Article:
Abstract: Viral nanoparticles have uniform and well-defined nano-structures and can be produced in large quantities. Several plant viral nanoparticles have been tested in biomedical applications due to the lack of mammalian cell infectivity. We are particularly interested in using Tobacco mosaic virus (TMV), which has been demonstrated to enhance bone tissue regeneration, as a tunable nanoscale building block for biomaterials development. Unmodified TMV particles have been shown to accelerate osteogenic differentiation of adult stem cells by synergistically upregulating bone morphogenetic protein 2 (BMP2) and integrin-binding bone sialoprotein (IBSP) expression with dexamethasone. However, their lack of affinity to mammalian cell surface resulted in low initial cell adhesion. In this study, to increase cell binding capacity of TMV based material the chemical functionalization of TMV with arginine-glycine-aspartic acid (RGD) peptide was explored. An azide-derivatized RGD peptide was “clicked” to tyrosine residues on TMV outer surface via an efficient copper(I) catalyzed azide-alkyne cycloaddition (CuAAC) reaction. The ligand spacing is calculated to be 2–4 nm, which could offer a polyvalent ligand clustering effect for enhanced cell receptor signaling, further promoting the proliferation and osteogenic differentiation of bone marrow-derived mesenchymal stem cells (BMSCs).
The combination of olaparib and camptothecin for effective radiosensitization
Katsutoshi Miura, Koh-ichi Sakata, Masanori Someya, Yoshihisa Matsumoto, Hideki Matsumoto, Akihisa Takahashi, Masato Hareyama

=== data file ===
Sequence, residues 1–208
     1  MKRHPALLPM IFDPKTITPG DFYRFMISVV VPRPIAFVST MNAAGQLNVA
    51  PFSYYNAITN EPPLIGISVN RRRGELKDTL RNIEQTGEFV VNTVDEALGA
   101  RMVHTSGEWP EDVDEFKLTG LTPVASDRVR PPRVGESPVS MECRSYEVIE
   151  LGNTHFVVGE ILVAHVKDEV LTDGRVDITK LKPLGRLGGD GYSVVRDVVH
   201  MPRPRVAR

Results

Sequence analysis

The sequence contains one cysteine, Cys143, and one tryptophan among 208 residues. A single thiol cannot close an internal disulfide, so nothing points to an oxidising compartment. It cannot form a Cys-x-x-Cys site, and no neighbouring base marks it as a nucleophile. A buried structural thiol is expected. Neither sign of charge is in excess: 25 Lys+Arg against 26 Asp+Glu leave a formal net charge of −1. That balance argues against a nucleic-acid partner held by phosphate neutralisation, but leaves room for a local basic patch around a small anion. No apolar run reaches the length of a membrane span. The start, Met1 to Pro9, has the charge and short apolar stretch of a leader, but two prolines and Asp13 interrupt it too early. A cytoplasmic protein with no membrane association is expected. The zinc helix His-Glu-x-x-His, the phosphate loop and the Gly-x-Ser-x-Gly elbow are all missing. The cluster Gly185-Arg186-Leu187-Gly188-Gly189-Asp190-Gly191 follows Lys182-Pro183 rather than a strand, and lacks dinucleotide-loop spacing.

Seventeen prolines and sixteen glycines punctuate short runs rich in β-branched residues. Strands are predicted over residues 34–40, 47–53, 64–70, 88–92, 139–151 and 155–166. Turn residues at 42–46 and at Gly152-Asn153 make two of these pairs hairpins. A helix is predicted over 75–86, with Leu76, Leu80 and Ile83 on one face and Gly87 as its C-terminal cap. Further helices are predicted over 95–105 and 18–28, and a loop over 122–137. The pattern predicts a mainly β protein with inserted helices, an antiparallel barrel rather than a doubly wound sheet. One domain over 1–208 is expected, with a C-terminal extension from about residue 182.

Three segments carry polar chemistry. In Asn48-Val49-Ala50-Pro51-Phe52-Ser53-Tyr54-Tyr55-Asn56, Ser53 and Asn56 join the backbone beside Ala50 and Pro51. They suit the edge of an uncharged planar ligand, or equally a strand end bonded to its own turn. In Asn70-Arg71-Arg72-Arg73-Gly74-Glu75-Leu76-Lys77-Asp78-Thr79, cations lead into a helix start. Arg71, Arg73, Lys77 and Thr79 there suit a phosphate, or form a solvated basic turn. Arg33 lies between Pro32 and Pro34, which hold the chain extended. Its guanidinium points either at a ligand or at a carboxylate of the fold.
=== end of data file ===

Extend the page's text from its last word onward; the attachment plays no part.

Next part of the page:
Radiation Oncology , 2012, DOI: 10.1186/1748-717x-7-62
Abstract: DLD-1 cells (a human colorectal cancer cell line) and H1299 cells (a non-small cell lung cancer cell line) with differences of p53 gene status were used. The survival of these cells was determined by clonogenic assay after treatment with drugs and X-ray irradiation. The γH2AX focus formation assay was performed to examine the influence of olaparib on induction and repair of double-stranded DNA breaks after exposure to radiation or CPT.A radiosensitizing effect of olaparib was seen even at 0.01 μM. Its radiosensitizing effect after exposure for 2 h was similar to that after 24 h. H1299 cells with depletion or mutation of p53 were more radioresistant than H1299 cells with wild-type p53. However, similar enhancement of radiosensitization by olaparib was observed with all of the tested cell lines regardless of the p53 status. Olaparib also sensitized cells to CPT. This sensitizing effect was seen at low concentrations of olaparib such as 0.01 μM, and its sensitizing effect was the same at both 0.01 μM and 1 μM. The combination of olaparib and CPT had a stronger radiosensitizing effect. The results of the γH2AX focus assay corresponded with the clonogenic assay findings.Olaparib enhanced sensitivity to radiation and CPT at low concentrations and after relatively short exposure times such as 2 h. The radiosensitizing effect of olaprib was not dependent on the p53 status of tumor cells. These characteristics could be advantageous for clinical radiotherapy since tumor cells may be exposed to low concentrations of olaparib and/or may have different levels of p53 mutation. The combination of olaparib and CPT had a stronger radiosensitizing effect, indicating that combining a PARP inihibitor with a topoiomerase I inhibitor could be promising for clinical radiosensitization.